Unfortunately, there are many cultural influences that encourage you to use agency in preference to dependency, and to think primarily in process-like and triggered-action terms. When we already have a good construal for a phenomenon, we can often understand its behaviour as a process, and don't need to explore our construal in an experimental fashion. Lots of the models submitted were like this: based on a standard construal, and affording only such changes to the values of observables as were motivated by this construal. Another way to back into stereotyped agency is to make use of the (deprecated) VB-like features in EDEN (e.g. TEXTBOX windows), which are not very well-supported, and tend to promote the traditional state-by-side-effect paradigm that underlies traditional programming. If you consider that the aspiration in EM is for all change of state (as observed from no matter what viewpoint, and as effected by no matter what agent) to correspond to the redefinition of an observable, you see that one indication that you have deviated from EM principles is the fact that undo becomes difficult. This is particularly topical in models of activities that are goal-oriented in character - e.g. game playing, where the whole state model is liable to collapse into degeneracy when the game finishes.

Making the primary target of your modelling study something abstract, like a specific algorithm or algorithmic problem, makes it very challenging to maintain an EM focus (though this can be done, as the heapsort modelling activity illustrates). In getting to understand EM principles, it's helpful to have a concrete external referent, and difficult - until you have some experience - to develop a good modelling study without such a referent. It's also helpful to have in mind a referent that has an ambiguous construal and where the potential agency is not too circumscribed.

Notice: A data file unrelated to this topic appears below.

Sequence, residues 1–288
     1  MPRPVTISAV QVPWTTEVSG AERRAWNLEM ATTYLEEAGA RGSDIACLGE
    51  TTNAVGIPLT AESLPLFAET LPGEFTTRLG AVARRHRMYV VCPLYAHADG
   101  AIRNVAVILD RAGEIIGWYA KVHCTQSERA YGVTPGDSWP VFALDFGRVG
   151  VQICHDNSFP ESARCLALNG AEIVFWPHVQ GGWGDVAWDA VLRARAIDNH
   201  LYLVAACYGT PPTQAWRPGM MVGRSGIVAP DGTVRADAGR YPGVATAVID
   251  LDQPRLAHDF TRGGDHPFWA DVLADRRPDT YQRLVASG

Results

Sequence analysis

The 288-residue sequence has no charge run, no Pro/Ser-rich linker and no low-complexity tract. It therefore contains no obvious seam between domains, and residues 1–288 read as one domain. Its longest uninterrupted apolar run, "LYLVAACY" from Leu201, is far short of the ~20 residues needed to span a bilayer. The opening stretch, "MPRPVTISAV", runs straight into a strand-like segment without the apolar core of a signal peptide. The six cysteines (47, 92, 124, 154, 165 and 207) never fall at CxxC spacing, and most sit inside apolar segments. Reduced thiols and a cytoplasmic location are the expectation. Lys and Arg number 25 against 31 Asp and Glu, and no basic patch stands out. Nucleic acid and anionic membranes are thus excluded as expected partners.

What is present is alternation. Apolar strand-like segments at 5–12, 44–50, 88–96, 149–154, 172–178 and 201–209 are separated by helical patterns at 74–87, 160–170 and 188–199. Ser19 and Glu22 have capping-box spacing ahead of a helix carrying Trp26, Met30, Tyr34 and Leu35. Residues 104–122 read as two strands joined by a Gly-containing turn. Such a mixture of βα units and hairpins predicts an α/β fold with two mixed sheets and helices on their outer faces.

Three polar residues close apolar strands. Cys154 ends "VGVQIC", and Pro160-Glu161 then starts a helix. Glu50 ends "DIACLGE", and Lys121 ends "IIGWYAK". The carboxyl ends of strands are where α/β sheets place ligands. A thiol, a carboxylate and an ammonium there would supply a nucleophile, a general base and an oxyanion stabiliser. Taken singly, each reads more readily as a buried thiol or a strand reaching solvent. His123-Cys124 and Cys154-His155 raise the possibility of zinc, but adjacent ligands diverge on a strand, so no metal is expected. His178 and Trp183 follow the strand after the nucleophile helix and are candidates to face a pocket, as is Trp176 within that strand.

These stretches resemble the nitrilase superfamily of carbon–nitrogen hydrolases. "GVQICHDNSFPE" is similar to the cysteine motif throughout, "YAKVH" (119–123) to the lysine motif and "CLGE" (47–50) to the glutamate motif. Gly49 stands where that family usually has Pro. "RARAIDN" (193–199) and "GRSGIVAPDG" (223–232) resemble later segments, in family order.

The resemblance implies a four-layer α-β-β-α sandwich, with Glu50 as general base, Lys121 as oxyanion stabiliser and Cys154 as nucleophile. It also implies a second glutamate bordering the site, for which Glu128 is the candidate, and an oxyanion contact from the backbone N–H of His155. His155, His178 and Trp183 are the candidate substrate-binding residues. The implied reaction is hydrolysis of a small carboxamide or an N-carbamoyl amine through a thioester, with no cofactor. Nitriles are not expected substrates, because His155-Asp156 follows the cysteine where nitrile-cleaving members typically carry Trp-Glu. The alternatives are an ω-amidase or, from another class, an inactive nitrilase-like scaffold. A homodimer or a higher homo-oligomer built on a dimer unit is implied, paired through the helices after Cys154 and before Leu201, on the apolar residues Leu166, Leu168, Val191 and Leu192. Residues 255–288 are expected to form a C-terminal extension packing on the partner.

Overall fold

Writing a conference-style paper about your model is a very challenging task, and it is probably unreasonable to expect every student to be able to do it given the level of language skill it requires. In retrospect, it might have been helpful to stress that a well-motivated / described / documented modelling study is easier to write than a more high-level paper, and (though it may not be a way to achieve a really high mark) is quite enough to earn a respectable mark. When I indicated that you might wish to switch the weighting from model to paper if you had technical difficulties, I really intended you to keep closely engaged with the theme represented in your modelling study. What some students did was to use the paper in a rather different way - resorting to generalities drawn from tangentially related EM papers when model-building proved too difficult, which did not lead to such a coherent result.

In some respects the paper-writing exercise for WEB-EM-7 is preparation for research publication. An important element in this is to learn to be as careful and precise as possible in your use of language. Sentiments like: "EM is a new kind of software model" / "EM is a new programming language" etc involve conflating concepts from distinct categories (how can a style of modelling be a new kind of model? etc). A succession of errors of this kind can make it virtually impossible to understand what is being said. You should also try to pay attention to other stylistic issues - for instance, the term "human-centred" is to be prefered to "man-centred".